Mike Dunne: True to its name, Obscurity Vineyards focuses on 'neglected' grape varieties

Published: Wednesday, Jan. 11, 2012 - 12:00 am | Page 3D

As you drive up Slug Gulch Road in the Fair Play district of southwestern El Dorado County, you pass a small vineyard easy to overlook for the dense forest of pine and oak that rises up the slope just behind it.

In the fall, however, the vineyard is easy to spot. Even drivers whose eyes are as fixed on the narrow, windy and steep road as their hands are on the steering wheel can't help but glance toward the vines, not so much for their purple clusters of grapes as their fiery red leaves.

Leaves on vines fade from green to yellow and brown in the fall, but few blaze as brightly as those in that small patch along Slug Gulch Road. By their flare, they signal that here stands a plot of the black grape alicante bouschet, one of very few varieties whose leaves flame naturally into a brilliant red. (By and large, red leaves in a vineyard planted to black grapes is a sign of virus, nutritional deficiency or some other problem with the vines.)

In California's vineyards, alicante bouschet stands apart for reasons other than the deep blush of its leaves in fall. It's one of few grapes whose juice also runs red. It's a French variety, bred in the 1880s by Louis Bouschet and his son Henri, who were looking for a grape whose yields would be high and the color of the wine it yielded would be deep. It worked, and plantings surged across southern France and in Algeria, where its large crops generally went into undistinguished wines for the bulk market.

Later, it filled a similar role in California's San Joaquin Valley, providing structure and color to middling everyday jug wines. During Prohibition, it was a popular grape among home winemakers, in large part because its thick skin meant it could be shipped east and arrive in relatively good shape.

Aside from that, alicante bouschet hasn't had a high-profile presence in California's vineyards. Acreage devoted to the variety has dwindled, though a few scattered new plantings over the past decade have pushed the state's total to around 1,000 acres today.

As a stand-alone wine, alicante bouschet is rare. It may be impressively dark, but all that color doesn't necessarily translate into deep and distinguished flavor.

In 2002, however, John Smith, proprietor of both Oakstone Winery and neighboring Obscurity Cellars in Fair Play, made an alicante bouschet with grapes he'd picked up from Sequoia View Vineyard at Sanger.

"It turned out so well I decided I had to have my own source (of grapes) for it," recalls Smith.

The next year he planted about an acre of alicante bouschet – 650 or so vines in his Serendipity Hill Vineyard hard by Obscurity Cellars, and another 100 vines down the slope in his Fiddlehead Vineyard, the vines visible along Slug Gulch Road.

Alicante bouschet fits in perfectly with his business plan for Obscurity Cellars. Whereas his Oakstone Winery focuses on such mainstream varietals as sauvignon blanc, zinfandel and merlot, Obscurity Cellars specializes in "neglected, misunderstood and off-the-beaten-path" grape varieties like touriga nacional, carignane and charbono.

At first, he added the alicante bouschet to a proprietary blend, but with the 2006 vintage he began to release it as a stand-alone varietal. The Obscurity Cellars 2009 Fair Play Serendipity Hill Vineyard "Alice's Biscuits" Alicante Bouschet has enough authority and complexity to prompt authors of wine books to start revising their chapter on the variety.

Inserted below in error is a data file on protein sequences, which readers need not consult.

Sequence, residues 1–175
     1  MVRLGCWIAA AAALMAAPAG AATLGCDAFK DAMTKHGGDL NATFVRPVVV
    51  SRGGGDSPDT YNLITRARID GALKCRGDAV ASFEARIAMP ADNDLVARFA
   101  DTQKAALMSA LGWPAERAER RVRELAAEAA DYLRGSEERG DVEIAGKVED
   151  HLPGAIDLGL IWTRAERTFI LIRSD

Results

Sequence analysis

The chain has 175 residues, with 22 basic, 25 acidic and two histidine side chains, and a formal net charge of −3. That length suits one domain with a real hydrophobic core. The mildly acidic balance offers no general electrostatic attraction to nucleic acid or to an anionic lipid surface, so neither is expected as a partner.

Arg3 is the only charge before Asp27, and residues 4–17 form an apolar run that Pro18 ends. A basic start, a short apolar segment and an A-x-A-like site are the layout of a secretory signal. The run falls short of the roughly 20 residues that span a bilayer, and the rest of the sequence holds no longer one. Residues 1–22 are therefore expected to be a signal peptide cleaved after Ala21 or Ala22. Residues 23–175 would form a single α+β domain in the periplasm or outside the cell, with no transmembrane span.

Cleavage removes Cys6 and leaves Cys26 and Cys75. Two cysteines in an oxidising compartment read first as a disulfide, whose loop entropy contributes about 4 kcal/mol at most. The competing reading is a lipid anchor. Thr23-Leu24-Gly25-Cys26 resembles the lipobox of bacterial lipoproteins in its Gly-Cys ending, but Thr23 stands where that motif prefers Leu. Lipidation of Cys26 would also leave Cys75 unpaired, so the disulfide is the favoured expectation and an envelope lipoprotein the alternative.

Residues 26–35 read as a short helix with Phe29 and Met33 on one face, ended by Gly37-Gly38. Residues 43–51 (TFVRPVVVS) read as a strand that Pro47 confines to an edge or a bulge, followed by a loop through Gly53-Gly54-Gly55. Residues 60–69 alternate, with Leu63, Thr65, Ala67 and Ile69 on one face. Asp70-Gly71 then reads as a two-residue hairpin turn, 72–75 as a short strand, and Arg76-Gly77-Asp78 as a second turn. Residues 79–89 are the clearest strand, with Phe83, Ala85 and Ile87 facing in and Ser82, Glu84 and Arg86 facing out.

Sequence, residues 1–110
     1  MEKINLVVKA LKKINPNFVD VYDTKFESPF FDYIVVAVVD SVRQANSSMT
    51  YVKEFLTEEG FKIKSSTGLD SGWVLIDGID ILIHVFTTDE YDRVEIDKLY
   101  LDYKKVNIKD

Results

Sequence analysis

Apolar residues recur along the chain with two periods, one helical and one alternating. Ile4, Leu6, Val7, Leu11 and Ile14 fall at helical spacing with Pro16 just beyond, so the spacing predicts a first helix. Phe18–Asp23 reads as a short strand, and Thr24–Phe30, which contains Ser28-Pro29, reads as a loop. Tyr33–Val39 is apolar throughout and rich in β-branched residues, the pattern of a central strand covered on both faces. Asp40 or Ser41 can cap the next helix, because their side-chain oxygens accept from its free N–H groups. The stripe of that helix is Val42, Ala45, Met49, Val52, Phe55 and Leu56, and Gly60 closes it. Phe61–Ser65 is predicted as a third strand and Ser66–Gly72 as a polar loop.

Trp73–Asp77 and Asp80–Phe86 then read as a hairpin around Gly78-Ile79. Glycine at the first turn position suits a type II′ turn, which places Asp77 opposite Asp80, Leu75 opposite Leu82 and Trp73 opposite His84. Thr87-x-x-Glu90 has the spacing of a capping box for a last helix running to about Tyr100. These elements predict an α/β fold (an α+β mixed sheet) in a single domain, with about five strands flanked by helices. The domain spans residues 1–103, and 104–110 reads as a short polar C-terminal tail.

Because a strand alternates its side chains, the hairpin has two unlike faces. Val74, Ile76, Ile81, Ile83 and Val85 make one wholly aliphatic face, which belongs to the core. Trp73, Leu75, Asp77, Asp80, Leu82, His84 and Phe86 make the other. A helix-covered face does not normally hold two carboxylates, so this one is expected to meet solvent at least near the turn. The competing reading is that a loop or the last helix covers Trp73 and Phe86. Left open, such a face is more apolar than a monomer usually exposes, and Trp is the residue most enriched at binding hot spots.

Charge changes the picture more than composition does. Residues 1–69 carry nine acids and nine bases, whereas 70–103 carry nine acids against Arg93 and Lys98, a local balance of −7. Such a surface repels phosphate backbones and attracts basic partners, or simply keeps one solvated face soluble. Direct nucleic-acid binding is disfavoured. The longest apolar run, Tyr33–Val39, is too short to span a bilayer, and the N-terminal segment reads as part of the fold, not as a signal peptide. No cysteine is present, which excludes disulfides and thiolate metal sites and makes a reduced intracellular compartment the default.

The wine is as richly colored as petite sirah, with a smell and flavor equally floral, fruity and spicy. While its forthright tannins urge that it be cellared for three to five years, it isn't so firm that it can't be savored now when paired with food just as robust in assertiveness and weight. While hefty, it's a terrifically balanced wine.

Despite its youth, the wine has done consistently well in commercial wine competitions, winning four medals in four outings – a bronze, a silver, a gold and a "four-star gold," the latter one of 34 higher awards at the Orange County Fair, which drew a total 2,512 wines.

What's more, Smith has either the perfect site or the perfect touch or both with alicante bouschet. In 2010, he also made a rosé of alicante bouschet, which in four competitions has won three silver medals and a double gold, the latter at the California State Fair, where it also won best of region among Sierra-foothill appellations.

As to the curious "Alice's Biscuits" on the label of the 2009, Smith says he added that for the benefit of consumers intimidated by French and uncertain of the correct pronunciation of such an obscure varietal.

"We insist that wine not be taken too seriously," says Smith.

Obscurity Cellars

2009 Fair Play Serendipity Hill Vineyard "Alice's Biscuits" Alicante Bouschet

By the numbers: 14.3 percent alcohol, 123 cases, $24

Context: John Smith, proprietor of both Oakstone Winery and neighboring Obscurity Cellars in Fair Play, recommends that this wine be paired with prime rib "or any other robust red-wine fare."

Availability: Aside from three restaurants in the foothills – Manderes in Folsom, Gold Vine Grill in Somerset and Taste in Plymouth – the wine is available only at Oakstone Winery, 6440 Slug Gulch Road, Fair Play, where the tasting room is open 11 a.m.-5 p.m. Wednesday through Monday. (Because Obscurity Cellars doesn't have a tasting room, its wines are poured at Oakstone.)

Contact: Visit www.obscuritycellars.com. Oakstone also will be the setting Jan. 28-29 for an annual barrel tasting and sale of futures, during which the alicante bouschet will be poured, 11 a.m.-5 p.m.

© Copyright The Sacramento Bee. All rights reserved.

Read more articles by Mike Dunne



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